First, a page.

As a reward for providing him with a place to stay when he was in the region Elisha made it possible for her to have a son even though her husband was an old man (2 Kings 4:14). When the child died unexpectedly the woman lost no time in seeking out the prophet on Mt. Carmel, not letting either her husband or Elishas servant Gehazi delay her in her quest (4:23-26). It is not certain what Elisha intended to achieve by sending Gehazi with his staff. If it was to revive the child (as Gehazi clearly expected), he was unsuccessful (4:30-31). However, in view of the husbands sceptical attitude it may well have been necessary to prevent the child being buried. By placing the symbol of his authority on the child Elisha would have ensured that the body remained untouched until he arrived. The account of the woman does not end with her happy reunion with her son, for we learn later that when the seven year famine was over (8:1; cf. Gen. 41:29) Gehazi introduced her to the king of Israel who restored to her not only all her lands, but also all the income it had earned during her absence restored to her (8:2-6).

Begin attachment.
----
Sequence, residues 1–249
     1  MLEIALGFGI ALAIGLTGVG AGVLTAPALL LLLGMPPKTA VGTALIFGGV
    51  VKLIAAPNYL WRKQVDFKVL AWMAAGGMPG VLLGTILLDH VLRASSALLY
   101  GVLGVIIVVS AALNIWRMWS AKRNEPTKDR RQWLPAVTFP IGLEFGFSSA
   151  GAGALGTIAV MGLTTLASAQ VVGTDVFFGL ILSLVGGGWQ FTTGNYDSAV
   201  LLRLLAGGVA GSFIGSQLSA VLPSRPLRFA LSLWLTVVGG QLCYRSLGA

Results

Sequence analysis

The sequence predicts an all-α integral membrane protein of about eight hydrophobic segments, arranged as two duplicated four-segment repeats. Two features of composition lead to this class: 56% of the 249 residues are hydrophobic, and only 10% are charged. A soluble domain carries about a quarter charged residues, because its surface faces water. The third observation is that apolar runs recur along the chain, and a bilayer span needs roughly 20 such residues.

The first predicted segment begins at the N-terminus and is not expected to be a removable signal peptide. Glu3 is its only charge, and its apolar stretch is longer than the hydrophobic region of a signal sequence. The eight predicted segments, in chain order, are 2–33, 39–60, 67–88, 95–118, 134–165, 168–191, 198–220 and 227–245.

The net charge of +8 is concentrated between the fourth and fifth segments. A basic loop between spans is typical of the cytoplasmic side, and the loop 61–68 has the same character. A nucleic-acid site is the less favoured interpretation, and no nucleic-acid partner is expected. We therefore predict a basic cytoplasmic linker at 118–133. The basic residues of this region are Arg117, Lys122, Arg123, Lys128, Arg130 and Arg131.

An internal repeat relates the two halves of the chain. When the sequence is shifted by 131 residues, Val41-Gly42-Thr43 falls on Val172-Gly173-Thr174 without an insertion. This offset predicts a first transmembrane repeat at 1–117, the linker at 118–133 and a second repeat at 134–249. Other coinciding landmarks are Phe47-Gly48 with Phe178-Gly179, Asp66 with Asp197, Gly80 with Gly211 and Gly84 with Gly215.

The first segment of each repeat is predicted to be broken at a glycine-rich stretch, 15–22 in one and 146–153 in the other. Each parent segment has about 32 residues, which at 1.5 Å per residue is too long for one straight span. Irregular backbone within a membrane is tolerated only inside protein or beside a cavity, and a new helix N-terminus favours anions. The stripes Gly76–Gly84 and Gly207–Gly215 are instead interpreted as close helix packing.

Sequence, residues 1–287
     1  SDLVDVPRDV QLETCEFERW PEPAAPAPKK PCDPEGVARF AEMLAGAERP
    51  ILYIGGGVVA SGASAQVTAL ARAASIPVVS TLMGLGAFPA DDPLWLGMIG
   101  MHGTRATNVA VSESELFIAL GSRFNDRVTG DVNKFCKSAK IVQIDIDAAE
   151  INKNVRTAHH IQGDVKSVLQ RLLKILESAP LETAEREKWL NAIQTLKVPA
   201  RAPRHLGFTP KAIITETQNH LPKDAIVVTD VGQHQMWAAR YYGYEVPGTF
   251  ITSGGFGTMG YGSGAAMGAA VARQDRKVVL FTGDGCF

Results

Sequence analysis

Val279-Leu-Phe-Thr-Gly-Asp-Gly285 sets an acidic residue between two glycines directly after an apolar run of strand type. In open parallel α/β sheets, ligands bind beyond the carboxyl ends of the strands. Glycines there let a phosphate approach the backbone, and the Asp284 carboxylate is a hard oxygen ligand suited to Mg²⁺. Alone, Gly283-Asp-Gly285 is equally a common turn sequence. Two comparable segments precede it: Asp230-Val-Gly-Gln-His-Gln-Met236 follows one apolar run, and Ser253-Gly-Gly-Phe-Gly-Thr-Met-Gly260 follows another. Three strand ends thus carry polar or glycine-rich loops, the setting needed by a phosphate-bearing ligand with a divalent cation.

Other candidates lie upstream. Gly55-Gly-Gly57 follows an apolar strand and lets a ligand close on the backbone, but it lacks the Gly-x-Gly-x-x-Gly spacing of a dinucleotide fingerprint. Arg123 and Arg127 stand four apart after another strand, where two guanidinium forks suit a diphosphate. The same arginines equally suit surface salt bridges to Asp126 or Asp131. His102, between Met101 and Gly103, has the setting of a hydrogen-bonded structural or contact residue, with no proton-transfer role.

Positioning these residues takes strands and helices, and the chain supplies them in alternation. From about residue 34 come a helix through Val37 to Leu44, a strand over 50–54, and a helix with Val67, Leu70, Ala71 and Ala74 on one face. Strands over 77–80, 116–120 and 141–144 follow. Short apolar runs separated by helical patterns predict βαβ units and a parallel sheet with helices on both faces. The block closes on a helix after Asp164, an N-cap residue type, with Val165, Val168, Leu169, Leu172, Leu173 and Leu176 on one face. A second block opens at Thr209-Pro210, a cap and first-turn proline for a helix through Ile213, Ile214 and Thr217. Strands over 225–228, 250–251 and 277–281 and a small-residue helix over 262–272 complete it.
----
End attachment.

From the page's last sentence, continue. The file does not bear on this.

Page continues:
The war with Aram continued and Elishas fame brought about a visit from a very important person. Naaman the Syrian general was used to having people jump to attention when he asked for something. He clearly felt insulted that the prophet would not even see him when he arrived at his house, especially as he had brought enough money to buy the whole of Israel (5:5; cf. 1 Kings 16:24). When Elisha sent a messenger to tell him to wash himself in the Jordan seven times the general went away in a rage, but later, calmed by his servants he did as the prophet had commanded. The next incident was probably one of the saddest moments in the prophets career. Elisha had refused any reward from Naaman, but being filled with greed his servant Gehazi ran after the departing dignitary and received from him a reward which he then hid. Elisha knew what he had done (an ability that he did not always possess unless the Lord specifically granted it - cf. 4:27). Calling Gehazi to him the prophet rebuked him and from that day Gehazi received the leprosy that had been Naamans.